by Katherine J. Coulter, Mary F. Hintzsche
Sepsis is a life-threatening emergency. According to the U.S. Centers for Disease Control and Prevention (CDC) (2019), at least 1.7 million American adults develop sepsis each year, of which 270,000 die from sepsis-related complications. Sepsis is an underlying infection that occurs in an individual’s body when he/she responds to a severe infection.1 An infection that may result in sepsis is not limited to one system of a person’s body,2 but often, sepsis is linked to infections in the lungs, kidneys, skin or bowels.1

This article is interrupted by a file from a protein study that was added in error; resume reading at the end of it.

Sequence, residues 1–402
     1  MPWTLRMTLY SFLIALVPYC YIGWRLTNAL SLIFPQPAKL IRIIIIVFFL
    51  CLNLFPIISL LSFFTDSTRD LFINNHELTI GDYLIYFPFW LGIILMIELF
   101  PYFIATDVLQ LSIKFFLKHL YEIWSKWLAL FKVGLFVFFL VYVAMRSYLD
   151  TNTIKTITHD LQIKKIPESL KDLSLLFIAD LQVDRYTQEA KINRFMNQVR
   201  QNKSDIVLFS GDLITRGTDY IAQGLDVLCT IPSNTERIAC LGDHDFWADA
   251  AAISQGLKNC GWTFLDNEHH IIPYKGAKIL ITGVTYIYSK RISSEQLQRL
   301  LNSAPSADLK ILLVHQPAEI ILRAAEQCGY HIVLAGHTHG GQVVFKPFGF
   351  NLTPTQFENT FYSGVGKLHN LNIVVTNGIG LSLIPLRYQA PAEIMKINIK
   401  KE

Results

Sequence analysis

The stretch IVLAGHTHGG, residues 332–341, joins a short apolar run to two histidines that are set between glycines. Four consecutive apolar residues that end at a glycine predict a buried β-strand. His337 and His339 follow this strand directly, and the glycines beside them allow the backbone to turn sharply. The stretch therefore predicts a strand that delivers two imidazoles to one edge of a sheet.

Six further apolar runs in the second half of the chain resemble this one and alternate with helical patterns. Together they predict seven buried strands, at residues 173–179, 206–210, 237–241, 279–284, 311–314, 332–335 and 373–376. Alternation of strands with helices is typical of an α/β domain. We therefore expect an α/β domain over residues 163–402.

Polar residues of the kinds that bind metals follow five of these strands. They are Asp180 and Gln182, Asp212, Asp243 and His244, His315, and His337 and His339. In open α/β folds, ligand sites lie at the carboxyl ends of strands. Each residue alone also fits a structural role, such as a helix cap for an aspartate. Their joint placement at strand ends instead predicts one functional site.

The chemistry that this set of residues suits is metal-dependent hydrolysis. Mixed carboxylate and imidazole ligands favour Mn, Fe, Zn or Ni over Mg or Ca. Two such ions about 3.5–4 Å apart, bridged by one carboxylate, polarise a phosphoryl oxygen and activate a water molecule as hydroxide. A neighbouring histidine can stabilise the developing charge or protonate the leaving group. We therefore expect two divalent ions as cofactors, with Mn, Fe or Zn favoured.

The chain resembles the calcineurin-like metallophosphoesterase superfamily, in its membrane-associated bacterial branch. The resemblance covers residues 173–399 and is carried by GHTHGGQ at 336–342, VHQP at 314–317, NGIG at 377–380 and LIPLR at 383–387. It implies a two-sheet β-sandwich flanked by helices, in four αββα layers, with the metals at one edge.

Emergency medical service providers transfer approximately 50% of septic patients.3 Septic patients are very ill. These patients are at increased risk of death if sepsis progresses to septic shock.3 Without timely identification of sepsis, and prompt intervention methods to decrease the infection’s severity, an individual’s likelihood of mortality increases.
The CDC has several sepsis-related projects underway. Projects developed by the CDC to reduce sepsis mortality rates include community and consumer education, developing tools for tracking and surveilling sepsis, and further preventing infections contracted in healthcare settings.1 In 2016, the CDC created an early recognition and timely sepsis treatment effort entitled “Get Ahead of Sepsis.”2 The purpose of this effort is to emphasize the critical nature of early recognition of sepsis, prevention of infection through education to the layperson, emergency medical services (EMS), and healthcare professionals.